Kill, Baby… Kill!
Just in time for Halloween, Netflix has unleashed a ghoulishly generous helping of Mario Bava films available for streaming. A former cinematographer, Bava (1914-1980) is the still-unsung master of Italian horror, the predecessor of directors like Dario Argento, Lucio Fulci, Umberto Lenzi, and (Mario’s own son) Lamberto Bava. He established a method of creating fearful moods using light, shadows, and especially bold colors; these tools often came in handy, as Bava was not usually assigned the most literate of material. Kill, Baby… Kill! (1966) may be his masterpiece, though, a story of a vengeful witch, the ghost of a little girl (above), and a series of murders. No less a director than Martin Scorsese claims it as an influence on his work.
Lisa and the Devil
Bava claimed Lisa and the Devil (1974) as his favorite of his own films. Elke Sommer stars as a tourist in some ancient city. She gets lost and finds her way to the massive home of a strange family of aristocrats. She meets a countess (Alida Valli), her handsome son (Alessio Orano), and a bald, lollipop-licking butler (Telly Savalas, who had just started his famous Kojak TV series the same year). Unfortunately, there are some strange and twisted things going on. Bava turns in some of his dreamiest and most atmospheric work here, but sadly, this version of his film was never released in theaters (only on video later) and was re-cut and released as The House of Exorcism (see the next item).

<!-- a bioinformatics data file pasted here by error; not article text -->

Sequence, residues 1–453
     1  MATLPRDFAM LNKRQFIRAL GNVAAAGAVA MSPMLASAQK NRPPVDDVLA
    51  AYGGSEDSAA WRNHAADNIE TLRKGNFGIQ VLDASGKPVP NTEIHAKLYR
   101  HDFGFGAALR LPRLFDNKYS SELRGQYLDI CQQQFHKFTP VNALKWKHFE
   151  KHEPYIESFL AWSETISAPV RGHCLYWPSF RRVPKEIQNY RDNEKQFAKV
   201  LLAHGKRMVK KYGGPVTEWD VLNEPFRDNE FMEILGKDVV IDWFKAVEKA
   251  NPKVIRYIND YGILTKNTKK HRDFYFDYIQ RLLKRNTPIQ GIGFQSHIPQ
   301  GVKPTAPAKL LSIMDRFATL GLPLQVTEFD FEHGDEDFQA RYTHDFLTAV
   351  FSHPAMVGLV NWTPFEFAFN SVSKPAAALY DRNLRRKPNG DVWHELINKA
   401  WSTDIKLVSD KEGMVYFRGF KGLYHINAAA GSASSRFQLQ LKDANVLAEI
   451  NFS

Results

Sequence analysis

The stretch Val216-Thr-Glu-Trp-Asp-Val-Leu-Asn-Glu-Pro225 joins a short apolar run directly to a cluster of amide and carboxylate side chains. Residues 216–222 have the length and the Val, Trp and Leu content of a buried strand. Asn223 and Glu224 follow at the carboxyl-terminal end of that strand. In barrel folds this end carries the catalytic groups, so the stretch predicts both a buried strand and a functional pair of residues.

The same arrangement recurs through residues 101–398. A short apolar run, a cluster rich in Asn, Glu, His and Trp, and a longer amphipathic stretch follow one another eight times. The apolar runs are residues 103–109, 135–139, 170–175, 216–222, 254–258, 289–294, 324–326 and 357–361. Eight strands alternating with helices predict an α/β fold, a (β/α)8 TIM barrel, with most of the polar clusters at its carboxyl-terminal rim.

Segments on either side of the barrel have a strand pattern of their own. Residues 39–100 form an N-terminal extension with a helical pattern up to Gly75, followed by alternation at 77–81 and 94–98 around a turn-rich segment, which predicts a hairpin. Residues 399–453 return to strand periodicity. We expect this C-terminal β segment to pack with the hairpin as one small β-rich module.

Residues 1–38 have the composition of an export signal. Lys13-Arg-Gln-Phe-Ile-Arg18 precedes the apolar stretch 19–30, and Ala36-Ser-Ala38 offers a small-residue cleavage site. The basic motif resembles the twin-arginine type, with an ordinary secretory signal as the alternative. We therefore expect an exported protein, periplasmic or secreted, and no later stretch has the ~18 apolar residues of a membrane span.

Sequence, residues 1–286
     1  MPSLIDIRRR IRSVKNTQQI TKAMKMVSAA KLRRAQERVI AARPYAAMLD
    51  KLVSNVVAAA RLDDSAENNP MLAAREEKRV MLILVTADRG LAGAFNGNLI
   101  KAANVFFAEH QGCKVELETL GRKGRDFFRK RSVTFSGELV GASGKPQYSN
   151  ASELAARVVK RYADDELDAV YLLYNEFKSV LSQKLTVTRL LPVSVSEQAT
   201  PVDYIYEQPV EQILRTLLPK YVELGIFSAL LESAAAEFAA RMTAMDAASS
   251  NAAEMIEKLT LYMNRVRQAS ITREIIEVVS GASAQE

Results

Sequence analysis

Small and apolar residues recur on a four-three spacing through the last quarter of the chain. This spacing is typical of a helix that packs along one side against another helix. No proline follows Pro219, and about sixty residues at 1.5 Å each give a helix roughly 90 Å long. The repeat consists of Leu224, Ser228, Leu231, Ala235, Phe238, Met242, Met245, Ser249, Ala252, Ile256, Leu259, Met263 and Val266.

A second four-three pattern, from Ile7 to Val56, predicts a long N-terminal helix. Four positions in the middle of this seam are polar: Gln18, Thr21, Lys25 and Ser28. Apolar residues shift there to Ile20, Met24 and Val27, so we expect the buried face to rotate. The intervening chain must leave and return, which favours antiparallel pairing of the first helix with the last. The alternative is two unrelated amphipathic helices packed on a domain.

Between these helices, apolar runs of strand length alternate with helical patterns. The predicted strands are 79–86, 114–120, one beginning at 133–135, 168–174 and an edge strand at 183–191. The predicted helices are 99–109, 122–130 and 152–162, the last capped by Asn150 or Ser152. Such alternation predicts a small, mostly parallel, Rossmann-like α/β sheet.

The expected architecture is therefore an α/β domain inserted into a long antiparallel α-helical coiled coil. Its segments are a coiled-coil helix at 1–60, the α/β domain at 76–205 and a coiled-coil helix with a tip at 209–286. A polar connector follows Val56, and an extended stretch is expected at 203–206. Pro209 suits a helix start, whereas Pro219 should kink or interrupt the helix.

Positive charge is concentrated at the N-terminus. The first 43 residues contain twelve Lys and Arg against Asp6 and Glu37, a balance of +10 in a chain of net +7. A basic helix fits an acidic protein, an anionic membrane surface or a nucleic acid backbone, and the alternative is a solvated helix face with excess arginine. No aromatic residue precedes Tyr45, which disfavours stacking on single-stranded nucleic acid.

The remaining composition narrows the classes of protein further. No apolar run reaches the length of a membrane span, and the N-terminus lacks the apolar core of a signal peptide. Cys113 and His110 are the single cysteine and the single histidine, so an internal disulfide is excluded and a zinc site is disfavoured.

The House of Exorcism
The House of Exorcism (1975) is what happened to Lisa and the Devil, and how audiences saw it in 1975. Much of the footage is the same, with Sommer getting lost, but this time she suffers some kind of attack and is whisked to a hospital, where it becomes apparent that she has been possessed by a demon. A priest (Robert Alda) tries to save her, while she flashes to the events of Lisa and the Devil, as if in a murderous dream. The exorcism sequences are graphically violent and contain gratuitous nudity, and were very clearly added to cash in on The Exorcist fever of the time. Yet it’s fascinating to compare the two movies.
Bay of Blood
Everything the Friday the 13th movies tried, they learned from Bava’s Bay of Blood (1971), sometimes known under its much better title Twitch of the Death Nerve. It even includes a lot of the original “cabin in the woods” clichés, though they still feel fresh under Bava’s guiding hand. Basically, the action takes place in a vacation resort (near a bay), where teenagers and others have sex and get murdered in a “Ten Little Indians” fashion by an unknown killer.
Bava’s career was thought to be on the decline when he made Baron Blood (1972), and it’s not one of his best, but it does benefit from a lead performance by Joseph Cotten as the baron, as well as an effective gothic setting in a spooky castle. Elke Sommer also stars.
Bug (coming 10/23)